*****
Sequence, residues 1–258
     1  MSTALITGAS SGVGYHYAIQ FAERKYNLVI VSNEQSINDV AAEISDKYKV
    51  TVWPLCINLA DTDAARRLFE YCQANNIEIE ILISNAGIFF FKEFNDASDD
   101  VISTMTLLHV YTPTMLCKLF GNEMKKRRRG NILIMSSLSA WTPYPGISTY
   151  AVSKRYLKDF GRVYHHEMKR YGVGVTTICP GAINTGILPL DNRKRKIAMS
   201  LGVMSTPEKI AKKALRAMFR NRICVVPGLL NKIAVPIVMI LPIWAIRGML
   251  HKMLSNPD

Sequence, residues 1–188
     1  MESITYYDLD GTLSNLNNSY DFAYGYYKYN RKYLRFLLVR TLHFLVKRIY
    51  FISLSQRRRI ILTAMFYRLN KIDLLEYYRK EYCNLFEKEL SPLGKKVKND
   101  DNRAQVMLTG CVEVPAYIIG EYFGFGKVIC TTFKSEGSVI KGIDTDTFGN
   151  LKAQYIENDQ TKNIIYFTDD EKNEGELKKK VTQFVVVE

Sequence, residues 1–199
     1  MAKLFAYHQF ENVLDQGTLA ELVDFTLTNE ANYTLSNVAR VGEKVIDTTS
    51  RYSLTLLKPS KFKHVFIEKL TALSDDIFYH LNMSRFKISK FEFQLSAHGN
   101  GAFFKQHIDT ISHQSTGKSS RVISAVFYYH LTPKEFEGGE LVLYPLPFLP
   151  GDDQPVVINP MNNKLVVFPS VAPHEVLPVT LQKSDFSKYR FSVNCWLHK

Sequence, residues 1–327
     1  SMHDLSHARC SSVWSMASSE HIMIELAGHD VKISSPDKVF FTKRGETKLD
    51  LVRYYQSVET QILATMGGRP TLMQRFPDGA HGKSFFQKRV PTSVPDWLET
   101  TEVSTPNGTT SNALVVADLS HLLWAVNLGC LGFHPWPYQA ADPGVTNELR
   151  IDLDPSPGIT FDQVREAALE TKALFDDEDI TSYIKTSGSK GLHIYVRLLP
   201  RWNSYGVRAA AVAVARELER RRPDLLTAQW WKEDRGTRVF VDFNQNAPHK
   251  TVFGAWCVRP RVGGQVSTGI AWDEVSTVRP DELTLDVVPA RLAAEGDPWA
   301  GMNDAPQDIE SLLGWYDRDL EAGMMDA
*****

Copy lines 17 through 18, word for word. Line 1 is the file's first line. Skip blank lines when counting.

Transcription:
   151  GDDQPVVINP MNNKLVVFPS VAPHEVLPVT LQKSDFSKYR FSVNCWLHK

Sequence, residues 1–327